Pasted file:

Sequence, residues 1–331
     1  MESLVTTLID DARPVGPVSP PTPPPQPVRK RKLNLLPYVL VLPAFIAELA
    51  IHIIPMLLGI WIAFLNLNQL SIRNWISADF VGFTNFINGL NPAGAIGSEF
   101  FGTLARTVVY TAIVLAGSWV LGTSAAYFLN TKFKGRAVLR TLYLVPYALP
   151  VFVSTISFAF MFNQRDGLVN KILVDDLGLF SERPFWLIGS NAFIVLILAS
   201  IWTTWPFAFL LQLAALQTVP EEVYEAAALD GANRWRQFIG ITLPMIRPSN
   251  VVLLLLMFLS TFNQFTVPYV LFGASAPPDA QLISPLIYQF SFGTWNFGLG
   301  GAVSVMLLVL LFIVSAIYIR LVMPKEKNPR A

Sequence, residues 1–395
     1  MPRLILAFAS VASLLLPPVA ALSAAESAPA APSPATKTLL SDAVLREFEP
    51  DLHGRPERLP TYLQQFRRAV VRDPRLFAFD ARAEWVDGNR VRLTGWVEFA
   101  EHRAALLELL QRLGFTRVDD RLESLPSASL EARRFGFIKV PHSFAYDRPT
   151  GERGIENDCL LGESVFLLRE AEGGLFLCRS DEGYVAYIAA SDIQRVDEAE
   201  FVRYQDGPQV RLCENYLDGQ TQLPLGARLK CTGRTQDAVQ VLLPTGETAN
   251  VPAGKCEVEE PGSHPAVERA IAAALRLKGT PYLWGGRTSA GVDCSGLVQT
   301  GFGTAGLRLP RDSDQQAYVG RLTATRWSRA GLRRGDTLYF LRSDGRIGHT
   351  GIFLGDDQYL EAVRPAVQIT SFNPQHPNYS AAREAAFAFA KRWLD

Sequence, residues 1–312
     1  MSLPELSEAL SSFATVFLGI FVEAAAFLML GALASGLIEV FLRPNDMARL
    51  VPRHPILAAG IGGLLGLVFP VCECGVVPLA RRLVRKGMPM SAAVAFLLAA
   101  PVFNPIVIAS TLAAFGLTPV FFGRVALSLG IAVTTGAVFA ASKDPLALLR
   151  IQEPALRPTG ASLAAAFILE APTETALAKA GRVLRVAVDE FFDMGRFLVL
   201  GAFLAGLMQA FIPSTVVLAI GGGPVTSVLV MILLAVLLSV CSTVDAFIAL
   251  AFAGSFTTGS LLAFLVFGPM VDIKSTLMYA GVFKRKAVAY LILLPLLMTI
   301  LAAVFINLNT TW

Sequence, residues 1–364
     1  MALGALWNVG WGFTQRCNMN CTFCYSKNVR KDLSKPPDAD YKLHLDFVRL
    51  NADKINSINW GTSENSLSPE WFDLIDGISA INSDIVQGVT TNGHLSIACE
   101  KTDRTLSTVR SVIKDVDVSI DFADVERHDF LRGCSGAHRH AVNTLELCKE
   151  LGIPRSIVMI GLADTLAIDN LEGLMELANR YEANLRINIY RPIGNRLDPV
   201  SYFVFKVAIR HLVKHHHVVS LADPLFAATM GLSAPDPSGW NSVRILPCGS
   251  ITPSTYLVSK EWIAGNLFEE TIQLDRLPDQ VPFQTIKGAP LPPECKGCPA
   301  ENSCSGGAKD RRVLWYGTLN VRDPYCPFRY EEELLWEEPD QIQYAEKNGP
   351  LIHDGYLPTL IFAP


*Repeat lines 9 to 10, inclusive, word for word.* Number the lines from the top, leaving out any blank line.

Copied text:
Sequence, residues 1–395
     1  MPRLILAFAS VASLLLPPVA ALSAAESAPA APSPATKTLL SDAVLREFEP